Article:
Case of mistaken identity for this piebald deer
TOWN OF LOMIRA – Motorists zipping along i-41 did a double take Sunday morning as they spied a small brown and white creature picking its way along the shoulder of the busy interstate in northern Dodge County.
Sgt. Bryan Frank of the Lomira Police Department was dispatched to the scene at 9:15 a.m. Feb. 10 for the report of a calf near the well-traveled roadway.
Expecting to find the errant dairy animal, Sgt. Frank was surprised to see a small piebald deer with a white head, chest and legs standing calmly in the grassy right-of-way.
Sgt. Frank was able to shoot a couple of photos of the deer before shooing the animal away to safety.
According to geneticists, the piebald coloring is attributed to a genetic abnormality that leads to a lack of pigmentation in patched around the body. The Nature Conservancy blog calls it a recessive genetic trait found in about 1% of all whitetails..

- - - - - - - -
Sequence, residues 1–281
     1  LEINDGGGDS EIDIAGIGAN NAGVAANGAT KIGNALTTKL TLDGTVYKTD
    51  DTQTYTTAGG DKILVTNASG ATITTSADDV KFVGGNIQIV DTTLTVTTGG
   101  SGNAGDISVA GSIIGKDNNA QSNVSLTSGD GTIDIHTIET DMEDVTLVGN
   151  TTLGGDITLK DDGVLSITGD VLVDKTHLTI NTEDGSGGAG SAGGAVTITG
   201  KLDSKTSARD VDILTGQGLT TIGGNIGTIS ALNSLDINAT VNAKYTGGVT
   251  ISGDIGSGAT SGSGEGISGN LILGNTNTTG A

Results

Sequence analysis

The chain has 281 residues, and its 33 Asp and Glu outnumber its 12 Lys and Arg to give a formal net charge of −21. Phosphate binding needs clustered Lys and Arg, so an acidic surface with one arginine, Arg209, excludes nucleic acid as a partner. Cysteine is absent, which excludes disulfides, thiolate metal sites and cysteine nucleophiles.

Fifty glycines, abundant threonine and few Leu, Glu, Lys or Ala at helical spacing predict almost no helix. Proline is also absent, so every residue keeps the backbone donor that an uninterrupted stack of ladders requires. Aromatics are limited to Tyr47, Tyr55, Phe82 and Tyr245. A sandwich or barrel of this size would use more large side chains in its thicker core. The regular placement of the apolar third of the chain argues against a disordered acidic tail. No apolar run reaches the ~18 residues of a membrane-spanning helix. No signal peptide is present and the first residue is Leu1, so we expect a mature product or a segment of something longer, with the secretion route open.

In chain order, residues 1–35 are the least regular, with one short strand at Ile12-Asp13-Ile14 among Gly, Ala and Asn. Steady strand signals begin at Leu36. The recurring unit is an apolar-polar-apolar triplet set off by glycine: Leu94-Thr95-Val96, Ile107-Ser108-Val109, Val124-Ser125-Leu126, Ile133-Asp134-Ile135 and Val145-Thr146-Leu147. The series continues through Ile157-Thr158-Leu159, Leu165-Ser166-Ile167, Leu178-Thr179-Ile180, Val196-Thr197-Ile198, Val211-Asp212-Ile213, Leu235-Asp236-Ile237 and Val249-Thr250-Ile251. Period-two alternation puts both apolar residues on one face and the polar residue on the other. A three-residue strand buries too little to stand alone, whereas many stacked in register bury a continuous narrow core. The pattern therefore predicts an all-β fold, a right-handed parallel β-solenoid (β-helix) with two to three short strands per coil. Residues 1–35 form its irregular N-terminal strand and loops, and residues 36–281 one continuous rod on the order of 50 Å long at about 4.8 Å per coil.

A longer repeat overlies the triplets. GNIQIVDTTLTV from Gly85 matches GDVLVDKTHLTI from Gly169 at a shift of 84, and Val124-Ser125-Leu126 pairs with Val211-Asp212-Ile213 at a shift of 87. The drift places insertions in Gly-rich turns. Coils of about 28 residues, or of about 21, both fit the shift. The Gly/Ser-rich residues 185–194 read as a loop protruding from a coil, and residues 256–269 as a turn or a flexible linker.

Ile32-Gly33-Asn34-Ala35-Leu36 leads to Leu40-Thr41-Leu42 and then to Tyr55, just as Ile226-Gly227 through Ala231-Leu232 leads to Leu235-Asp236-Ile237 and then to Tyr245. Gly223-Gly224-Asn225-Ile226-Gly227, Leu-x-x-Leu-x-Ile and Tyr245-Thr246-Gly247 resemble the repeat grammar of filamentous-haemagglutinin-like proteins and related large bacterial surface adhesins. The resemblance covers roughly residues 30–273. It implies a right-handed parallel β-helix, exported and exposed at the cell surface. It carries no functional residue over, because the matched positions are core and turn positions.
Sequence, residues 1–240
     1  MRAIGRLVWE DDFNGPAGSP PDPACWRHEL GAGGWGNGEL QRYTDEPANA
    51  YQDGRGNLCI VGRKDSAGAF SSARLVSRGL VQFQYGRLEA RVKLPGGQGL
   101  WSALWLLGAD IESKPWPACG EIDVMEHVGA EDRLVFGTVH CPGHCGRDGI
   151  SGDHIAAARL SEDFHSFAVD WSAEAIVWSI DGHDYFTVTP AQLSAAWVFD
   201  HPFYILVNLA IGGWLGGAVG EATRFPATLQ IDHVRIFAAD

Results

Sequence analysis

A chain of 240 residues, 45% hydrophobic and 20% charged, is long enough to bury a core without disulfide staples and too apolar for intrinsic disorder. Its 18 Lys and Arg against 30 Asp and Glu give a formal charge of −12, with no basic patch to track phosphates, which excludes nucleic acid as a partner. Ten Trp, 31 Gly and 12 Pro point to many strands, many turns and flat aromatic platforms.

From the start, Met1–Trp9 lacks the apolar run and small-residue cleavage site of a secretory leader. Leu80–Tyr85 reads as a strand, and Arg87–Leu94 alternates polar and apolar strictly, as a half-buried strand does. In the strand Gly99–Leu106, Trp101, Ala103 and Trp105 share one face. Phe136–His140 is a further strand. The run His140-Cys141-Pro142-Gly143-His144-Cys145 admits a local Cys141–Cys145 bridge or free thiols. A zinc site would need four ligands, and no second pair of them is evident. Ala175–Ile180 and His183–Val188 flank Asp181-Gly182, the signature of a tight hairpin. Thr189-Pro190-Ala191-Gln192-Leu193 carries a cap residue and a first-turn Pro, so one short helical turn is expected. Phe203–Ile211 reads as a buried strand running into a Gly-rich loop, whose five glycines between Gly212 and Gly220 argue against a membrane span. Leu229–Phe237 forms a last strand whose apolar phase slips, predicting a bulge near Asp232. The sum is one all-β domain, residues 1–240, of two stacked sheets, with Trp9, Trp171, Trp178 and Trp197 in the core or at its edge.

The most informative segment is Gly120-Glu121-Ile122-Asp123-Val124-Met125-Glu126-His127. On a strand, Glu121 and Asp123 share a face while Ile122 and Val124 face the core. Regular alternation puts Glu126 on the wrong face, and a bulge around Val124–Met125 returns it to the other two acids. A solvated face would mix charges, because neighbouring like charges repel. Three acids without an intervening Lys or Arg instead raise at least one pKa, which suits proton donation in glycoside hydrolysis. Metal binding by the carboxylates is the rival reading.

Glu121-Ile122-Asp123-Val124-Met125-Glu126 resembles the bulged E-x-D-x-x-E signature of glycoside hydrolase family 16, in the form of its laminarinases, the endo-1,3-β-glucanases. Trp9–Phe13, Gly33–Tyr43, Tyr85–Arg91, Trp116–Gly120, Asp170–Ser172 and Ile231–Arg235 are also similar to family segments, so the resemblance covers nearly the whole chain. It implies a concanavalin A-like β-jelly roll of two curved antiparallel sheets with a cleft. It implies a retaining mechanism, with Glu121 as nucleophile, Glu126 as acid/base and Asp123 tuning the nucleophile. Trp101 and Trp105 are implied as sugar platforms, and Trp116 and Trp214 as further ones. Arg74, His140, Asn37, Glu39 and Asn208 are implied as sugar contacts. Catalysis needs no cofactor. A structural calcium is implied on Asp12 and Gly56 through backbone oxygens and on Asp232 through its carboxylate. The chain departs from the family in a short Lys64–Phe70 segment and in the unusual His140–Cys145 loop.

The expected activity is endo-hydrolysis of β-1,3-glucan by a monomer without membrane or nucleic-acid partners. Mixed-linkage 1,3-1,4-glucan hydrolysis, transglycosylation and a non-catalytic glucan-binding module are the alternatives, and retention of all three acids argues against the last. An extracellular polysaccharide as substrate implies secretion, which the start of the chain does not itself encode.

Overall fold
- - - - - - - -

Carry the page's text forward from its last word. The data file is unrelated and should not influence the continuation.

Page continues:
White animals tend to have a more difficult time surviving in the wild since predators can spot them more easily. In Wisconsin, white deer are protected by Department of Natural Resources rules and hunters are not allowed to shoot them.
Outside the Chronic Wasting Disease Management Zone CWD MZ, a deer that has some brown hair, even if only a small patch, on any part of the body that is not part of the head, hooves or tarsal glands, is not protected and may be harvested, tagged and registered by a hunter if they have a valid tag for that type of deer (buck or antlerless deer.
Paul A. Smith contributed to this article